Keith Ape / Photos by Paul Ramirez
For an under-the-radar rap act, going to SXSW can be frustrating at best. The last few years have seen the event get flooded by high-profile talent like Kanye West, Wiz Khalifa, and Nas. This year, the scramble for attention put young rappers up against the likes of J. Cole, Big Sean, Miley Cyrus, Future, and Snoop Dogg—not to mention a roster of newer acts with massive hits such as Migos, Rae Sremmurd, Dej Loaf, and OG Maco, who seemed to be on the bill for practically every rap showcase. Standing out to fans and critics who head into the event with preconceived notions about what they want to see is harder than ever, but the way to do so pretty much boils down to engineering the craziest turn up possible and hoping someone notices. SXSW is essentially the Turn Uplympics.
I saw some admirable entries in the field this week: Seattle's Key Nyata and Mackned were wildly enthusiastic, Miami's Denzel Curry prompted the biggest mosh pit I saw, and Atlanta's EarthGang packed out a tiny bar of people who all seemed to know their lyrics. The big acts were predictable crowd pleasers. But, like any competition that ends in -lympics, the Turn Uplympics were an international affair. I saw a medal-worthy performance from the UK's Little Simz, for instance, and the gold, not-that-surprisingly, was reserved for Team South Korea.
I'd been expecting big things from Keith Ape, who was first introduced to me as the “Korean OG Maco” a couple months ago. I knew that his single “It G Ma” had not only been engineered to be an international hit but that it had found an audience stateside. Still, there was no guarantee Keith Ape would live up to the hype, those rocks upon which so many artists' hopes have been dashed at SXSW. He did.
I'd wandered into the other room of the venue where he was performing for a spell, and I came back to a rendition of “It G Ma” that was already in full swing. That may have been preferable because it meant that there was no slow buildup to watch: The crowd was already in a complete frenzy, there were already about a dozen people onstage, and everything seemed to be in midair, including Keith Ape himself. When the key lines—“UNDERWATER SQUAD” and “IT G MA”—arrived, the crowd of a couple hundred yelled along, and it felt like a stadium was chanting.
The set only lasted about 15 minutes, which mercifully included a repeat rendition of “It G Ma” for those of us who had wandered in late to the first one. Keith Ape crowd-surfed, as did a couple members of his onstage posse. He brought out an American rapper whose name I didn't catch to do a song they'd made together, and a few people onstage said some inspiring things about bringing together different cultures. Denzel Curry joined in the frenzy, bouncing along onstage and shouting at the appropriate times. It was a fucking mob scene in the best way. It lived up to the rock star, hardcore aesthetic Keith Ape's denim-clad cohort projected, and it blew the crowd away.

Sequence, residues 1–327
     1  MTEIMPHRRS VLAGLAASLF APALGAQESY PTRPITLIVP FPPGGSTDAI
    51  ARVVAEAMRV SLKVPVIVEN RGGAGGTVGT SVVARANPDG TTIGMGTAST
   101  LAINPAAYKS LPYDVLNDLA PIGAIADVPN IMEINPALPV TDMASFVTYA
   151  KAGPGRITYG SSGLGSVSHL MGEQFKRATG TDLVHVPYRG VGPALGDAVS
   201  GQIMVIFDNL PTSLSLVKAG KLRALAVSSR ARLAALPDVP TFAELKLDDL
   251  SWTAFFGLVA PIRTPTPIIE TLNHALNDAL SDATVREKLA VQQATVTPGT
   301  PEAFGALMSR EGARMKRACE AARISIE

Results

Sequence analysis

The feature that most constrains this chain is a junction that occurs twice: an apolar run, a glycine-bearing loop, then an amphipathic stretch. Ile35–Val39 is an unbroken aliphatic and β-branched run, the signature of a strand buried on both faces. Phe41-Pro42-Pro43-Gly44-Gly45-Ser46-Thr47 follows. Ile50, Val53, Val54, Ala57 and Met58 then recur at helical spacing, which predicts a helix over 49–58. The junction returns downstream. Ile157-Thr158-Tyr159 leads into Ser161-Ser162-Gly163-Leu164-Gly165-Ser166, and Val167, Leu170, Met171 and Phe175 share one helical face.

Korean hip-hop is, at this point, an established phenomenon, and Korean music in general already has an enormous audience in America. Still, it's cool to see the ways that the two countries are continuing to embrace each other. One of the longest lines I saw all week in Austin was for a K-Pop showcase; at one point, that showcase's penultimate act Crayon Pop was walking down Sixth Street in matching patent leather suits and attracting stares of curiosity from onlookers who seemed impressed if not quite certain what they were witnessing—a reaction not wholly different from the one Chance the Rapper and his Save Money crew got walking down Sixth Street later that same day. And Keith Ape slotted in nicely to a showcase that included Denzel Curry, Lil Debbie, Father, and the OG OG Maco. During Maco's set, Awful's KeithCharlesSpacebar hinted to me that an Awful/Keith Ape collab is on the way.
The internet may flatten out the world to the point where bothering to go see a hyped act in a hype crucible like SXSW seems almost redundant, but it also has accomplished something cool in allowing said hype to be more diffuse and global. It was also in escaping the obvious internet-worthy moments and finding the ones that only could happen through the beauty of different people from different places coming together in the same place that made for the most exciting times in Austin. Keith Ape's show didn't just do that, it excelled at it, and that is, indeed, pretty g, ma.
Kyle Kramer is about to celebrate the fusion of Texas and Korea by eating so many kimchi tacos. Follow him on Twitter.
Paul Ramirez is a photographer based in Austin. Check out more of his work here.